ETF Analysis: PowerShares S&P 500 Downside Hedged

    Find out about the PowerShares S&P 500 Downside Hedged ETF, and learn detailed information about characteristics, suitability and recommendations of it.
  3. Mutual Funds & ETFs

    ETF Analysis: ProShares Large Cap Core Plus

    Learn information about the ProShares Large Cap Core Plus ETF, and explore detailed analysis of its characteristics, suitability and recommendations.
  4. Mutual Funds & ETFs

    ETF Analysis: iShares Core Growth Allocation

    Find out about the iShares Core Growth Allocation Fund, and learn detailed information about its characteristics, suitability and recommendations.
  5. Mutual Funds & ETFs

    ETF Analysis: iShares MSCI USA Minimum Volatility

    Learn about the iShares MSCI USA Minimum Volatility exchange-traded fund, which invests in low-volatility equities traded on the U.S. stock market.
  6. Stock Analysis

    Should You Follow Millionaires into This Sector?

    Millionaire investors—and those who follow them—should take another look at the current economic situation before making any more investment decisions.
  7. Professionals

    What to do During a Market Correction

    The market has what? Here's what you should consider rather than panicking.
  8. Mutual Funds & ETFs

    ETF Analysis: Vanguard Mid-Cap Value

    Take an in-depth look at the Vanguard Mid-Cap Value ETF, one of the largest and most popular mid-cap funds in the U.S. equity space.
  9. Mutual Funds & ETFs

    ETF Analysis: Schwab US Broad Market

    Take an in-depth look at the Schwab U.S. Broad Market ETF, an incredibly low-cost fund based on a wide selection of the U.S. equity market.
  10. Professionals

    Tips for Helping Clients Though Market Corrections

    When the stock market sees a steep drop, clients are bound to get anxious. Here are some tips for talking them off the ledge.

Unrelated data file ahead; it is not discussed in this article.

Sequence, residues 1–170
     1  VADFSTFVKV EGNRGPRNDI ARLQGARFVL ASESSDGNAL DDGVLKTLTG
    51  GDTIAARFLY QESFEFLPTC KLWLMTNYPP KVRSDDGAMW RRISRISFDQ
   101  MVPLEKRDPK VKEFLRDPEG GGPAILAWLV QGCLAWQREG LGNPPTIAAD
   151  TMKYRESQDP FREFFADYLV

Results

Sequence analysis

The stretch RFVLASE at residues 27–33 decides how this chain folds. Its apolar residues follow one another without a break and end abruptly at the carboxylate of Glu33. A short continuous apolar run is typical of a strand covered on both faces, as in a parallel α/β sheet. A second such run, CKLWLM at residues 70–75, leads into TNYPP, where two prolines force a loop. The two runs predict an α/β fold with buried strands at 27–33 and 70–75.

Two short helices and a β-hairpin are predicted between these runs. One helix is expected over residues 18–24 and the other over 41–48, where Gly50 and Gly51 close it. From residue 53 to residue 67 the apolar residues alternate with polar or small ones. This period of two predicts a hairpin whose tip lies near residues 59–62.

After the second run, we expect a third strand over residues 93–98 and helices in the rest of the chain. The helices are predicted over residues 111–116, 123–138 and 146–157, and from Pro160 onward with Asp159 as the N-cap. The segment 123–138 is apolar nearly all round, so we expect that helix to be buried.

1. Equity

    The value of an asset less the value of all liabilities on that ...
  2. Hard-To-Sell Asset

    An asset that is extremely difficult to dispose of either due ...
  3. Sucker Yield

    When an investor has essentially risked all of his capital for ...
  4. Earnings Per Share - EPS

    The portion of a company's profit allocated to each outstanding ...
  5. PT (Perseroan Terbatas)

    An acronym for Perseroan Terbatas, which is Limited Liability ...
  6. Ltd. (Limited)

    An abbreviation of "limited," Ltd. is a suffix that ...
  1. What is the difference between called-up share capital and paid-up share capital?

    The difference between called-up share capital and paid-up share capital is investors have already paid in full for paid-up ... Read Full Answer >>
  2. Why would a corporation issue convertible bonds?

    A convertible bond represents a hybrid security that has bond and equity features; this type of bond allows the conversion ... Read Full Answer >>
  3. How does additional paid in capital affect retained earnings?

    Both additional paid-in capital and retained earnings are entries under the shareholders' equity section of a company's balance ... Read Full Answer >>
  4. What types of capital are not considered share capital?

    The money a business uses to fund operations or growth is called capital, and there are a number of capital sources available. ... Read Full Answer >>
  5. What is the difference between issued share capital and subscribed share capital?

    The difference between subscribed share capital and issued share capital is the former relates to the amount of stock for ... Read Full Answer >>
  6. What happens to the shares of stock purchased in a tender offer?

    The shares of stock purchased in a tender offer become the property of the purchaser. From that point forward, the purchaser, ... Read Full Answer >>

You May Also Like

Trading Center

You are using adblocking software

Want access to all of Investopedia? Add us to your “whitelist”
so you'll never miss a feature!